June 8 2013

The layering of sounds, as I sit outside mid-afternoon, is so intense and profuse that it momentarily blinds me. That is to say, the aural world is at times so overwhelming here that you can’t, at the same time, take in the visual to its full extent because it feels as though to do so would obliterate one of the senses, if not both.

There is an unknown quantity and variety of birds in a nearby Quercia tree whose argument is without cease. I have no idea what they are communicating to each other, or if any of them – and there are probably close to fifty – are listening to each other, but the sound is urgent, as if they’re trying to organize without the benefit of a leader.


A bull, in the pasture below me, bellows his displeasure as Vincenzo herds him and a dozen vitelli into the pasture for feeding. Vincenzo, always in a gentle but assertive tone, improvises a series of grunts and calls and whistles and within minutes the herd is where he wants them. A wind picks up, rustling and whooshing through the broom, the trees, and on through the wheat. Someone on the farm is using a grinder, its teeth gnashing at metal. A cock struts a cock-a-doodle-do; a bumblebee staggers into the petals of one of my new roses, its buzz somewhat perfunctory; and still the birds put forth their choral propositions.

Maybe it was a cacophony such as this that spoke to John Cage of the silence of music.  All I can say is, I’m glad I’m not in Rome.


Now, Siena, that’s another city altogether. Maybe it is its circular nature that keeps its energy renewed while at the same time, and the city’s decision back in the 50’s to disallow all traffic except delivery vehicles – and those surprisingly scarce – that balances the energy with a serenity born of security. And, of course, not least of all is the city’s well-tended medieval beauty.

We spent the whole day there on Tuesday, from 10 in the morning until nearly 7 in the evening. It was one of those days that sail by taking you along on a gentle tide. In the morning we strolled back streets and alleys where, unlike our recent experience in Rome, the artisanal and the ordinary are alive and well; streets perfumed with a heady blend of pastries, coffee, bread, fruit and the dust of ages.

We lunched at our favorite restaurant there: Osteria Le Loggia, and were greeted by hugs and kisses from the staff before taking our time to ingest 5 courses that included: barrata drizzled with oil and mango, chicken liver mousse encased in delicate tubes of pastry, a simple handmade pasta with garlic, oil and pepperoncini, roasted pigeon with cherries and pistachios, beef cheeks sucking in a deep wine sauce, a delicate salad and then, after a brief respite, for me a coffee semifreddo accompanied by grated chocolate and a scoop of homemade mint ice cream, while Joel ruined himself with a gianduja.

Maggie's dessert

Maggie’s plate

After an espresso apiece, we ambled down the cobblestone street some 25 yards before surrendering our bodies prone on the brick beach of Il Campo where, under a gentle sun, we dozed awhile.


Late afternoon, we wended our way in and out of shops and streets, soaking up the elegance of this city, which somehow manages to remain a mystery while feeling comfortably familiar. Then, sated, we drove through the evening landscape back to the farm, back to the cows, the sheep, the birds; back to the serenity of our simple bedroom, still too full from lunch to need dinner.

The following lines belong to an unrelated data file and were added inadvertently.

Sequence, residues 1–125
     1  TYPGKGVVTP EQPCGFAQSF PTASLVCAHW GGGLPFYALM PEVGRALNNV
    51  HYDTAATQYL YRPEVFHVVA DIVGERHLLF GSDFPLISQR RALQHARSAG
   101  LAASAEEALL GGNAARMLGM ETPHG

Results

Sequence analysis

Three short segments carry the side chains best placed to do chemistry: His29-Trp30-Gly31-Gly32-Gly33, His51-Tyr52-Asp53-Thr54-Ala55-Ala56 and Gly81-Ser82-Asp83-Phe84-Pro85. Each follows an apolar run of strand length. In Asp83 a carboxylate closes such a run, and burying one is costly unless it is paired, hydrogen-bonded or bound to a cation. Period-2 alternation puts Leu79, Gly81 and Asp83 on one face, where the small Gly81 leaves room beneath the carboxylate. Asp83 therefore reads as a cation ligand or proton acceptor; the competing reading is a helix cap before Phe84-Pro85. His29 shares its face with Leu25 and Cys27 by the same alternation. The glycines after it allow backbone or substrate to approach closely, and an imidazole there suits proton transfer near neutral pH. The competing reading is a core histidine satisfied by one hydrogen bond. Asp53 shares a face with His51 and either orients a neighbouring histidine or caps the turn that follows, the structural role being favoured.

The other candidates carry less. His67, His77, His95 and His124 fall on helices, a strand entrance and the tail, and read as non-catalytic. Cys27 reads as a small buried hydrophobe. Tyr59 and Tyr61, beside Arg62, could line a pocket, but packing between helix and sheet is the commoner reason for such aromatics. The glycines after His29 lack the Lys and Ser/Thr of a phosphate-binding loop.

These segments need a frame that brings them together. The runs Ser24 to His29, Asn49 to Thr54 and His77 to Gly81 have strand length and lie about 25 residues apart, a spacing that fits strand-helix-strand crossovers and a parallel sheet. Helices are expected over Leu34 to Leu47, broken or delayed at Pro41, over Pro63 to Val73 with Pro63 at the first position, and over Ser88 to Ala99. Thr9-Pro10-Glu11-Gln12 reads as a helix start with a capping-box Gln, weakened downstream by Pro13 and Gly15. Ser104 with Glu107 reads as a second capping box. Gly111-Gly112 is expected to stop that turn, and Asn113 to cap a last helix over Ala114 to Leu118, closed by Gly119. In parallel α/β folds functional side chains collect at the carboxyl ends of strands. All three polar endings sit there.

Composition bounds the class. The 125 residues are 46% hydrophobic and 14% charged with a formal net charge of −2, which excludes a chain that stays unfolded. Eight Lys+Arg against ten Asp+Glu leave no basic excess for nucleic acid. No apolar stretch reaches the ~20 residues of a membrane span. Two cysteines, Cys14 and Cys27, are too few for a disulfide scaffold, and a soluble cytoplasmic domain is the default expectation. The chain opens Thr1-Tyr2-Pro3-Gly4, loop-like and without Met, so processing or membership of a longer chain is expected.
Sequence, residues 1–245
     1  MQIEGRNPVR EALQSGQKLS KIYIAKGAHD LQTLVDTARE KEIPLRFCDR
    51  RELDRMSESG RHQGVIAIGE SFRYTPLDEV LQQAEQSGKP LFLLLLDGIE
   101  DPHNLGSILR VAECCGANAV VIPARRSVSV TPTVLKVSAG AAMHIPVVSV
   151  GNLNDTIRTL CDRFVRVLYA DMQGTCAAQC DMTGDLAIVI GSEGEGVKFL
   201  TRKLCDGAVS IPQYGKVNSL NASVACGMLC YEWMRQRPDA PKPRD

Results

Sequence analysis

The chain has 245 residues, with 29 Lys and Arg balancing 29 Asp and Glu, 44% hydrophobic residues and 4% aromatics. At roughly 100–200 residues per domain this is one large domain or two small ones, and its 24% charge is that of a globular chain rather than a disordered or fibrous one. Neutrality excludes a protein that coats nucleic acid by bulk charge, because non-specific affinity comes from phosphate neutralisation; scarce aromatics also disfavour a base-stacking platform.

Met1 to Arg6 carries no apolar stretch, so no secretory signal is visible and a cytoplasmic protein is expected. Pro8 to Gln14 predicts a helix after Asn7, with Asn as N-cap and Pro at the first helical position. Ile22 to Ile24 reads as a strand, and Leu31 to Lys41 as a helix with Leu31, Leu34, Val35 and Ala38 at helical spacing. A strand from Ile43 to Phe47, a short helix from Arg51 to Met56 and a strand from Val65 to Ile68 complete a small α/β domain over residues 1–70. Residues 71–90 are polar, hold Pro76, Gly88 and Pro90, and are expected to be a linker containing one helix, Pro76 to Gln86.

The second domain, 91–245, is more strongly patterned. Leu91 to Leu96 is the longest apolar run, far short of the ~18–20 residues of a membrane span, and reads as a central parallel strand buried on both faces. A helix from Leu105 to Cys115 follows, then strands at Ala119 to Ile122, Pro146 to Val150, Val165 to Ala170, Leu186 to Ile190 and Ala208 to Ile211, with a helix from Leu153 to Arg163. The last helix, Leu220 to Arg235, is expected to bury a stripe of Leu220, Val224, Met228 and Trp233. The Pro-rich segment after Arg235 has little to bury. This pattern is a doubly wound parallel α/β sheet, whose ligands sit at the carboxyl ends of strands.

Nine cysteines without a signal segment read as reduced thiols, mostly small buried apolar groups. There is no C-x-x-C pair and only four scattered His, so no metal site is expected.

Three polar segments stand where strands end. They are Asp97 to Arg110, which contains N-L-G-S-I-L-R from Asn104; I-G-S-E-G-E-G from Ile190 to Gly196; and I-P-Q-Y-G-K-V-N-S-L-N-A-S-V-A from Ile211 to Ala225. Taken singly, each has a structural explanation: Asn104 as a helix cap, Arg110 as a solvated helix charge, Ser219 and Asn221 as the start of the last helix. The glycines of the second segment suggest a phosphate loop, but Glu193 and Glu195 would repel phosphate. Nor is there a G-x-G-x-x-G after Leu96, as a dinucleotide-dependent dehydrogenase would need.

It feels like we’re in our rhythm now, now that we’ve made the house home and Rome is behind us. We made several trips to various nurseries this week in order to add to my container garden and the last two days I’ve spent repotting and transplanting a climbing rose, a shrub rose, more lavender, strawberry plants, a wheelbarrow full of petunias and cascading phlox, oh, and a good looking lemon verbena from which I will make afternoon tisanes. A lovely ceramic trough now houses the herbs I brought from Provence and sits on a step outside the kitchen door.





It’s not the Cape Cod garden, which will probably always remain my crowning achievement as a gardener, having taken it from its barren sandlot, to a wild seaside heaven that, along with vegetables and herbs, honeysuckle and lavender, boasted 11 trees and 9 varieties of roses when we left it 2 years ago. But, in fact, my little Tuscan container garden is just the ticket: varied enough to give me the morning pleasure of inspection and deadheading and small enough to make the evening watering a small delight instead of an hour-long chore. And, here in Tuscany, you don’t baby plants so much; they are encouraged to become hardy, like the people. This is not a garden I will have to fret over when we take a weeklong trip to the Amalfi coast next week.


When I look up now from my small garden, I see eternity stretching out before me in the form of the hills, just now turning from green toward gold. On one of them a flock of sheep are scattered like cotton wool. I see the cows, ambling down to their watering hole. The birds seem to have come to an agreement, commenting sporadically. A car comes down the road in a cloud of dust. I can’t remember the last time I heard a plane.


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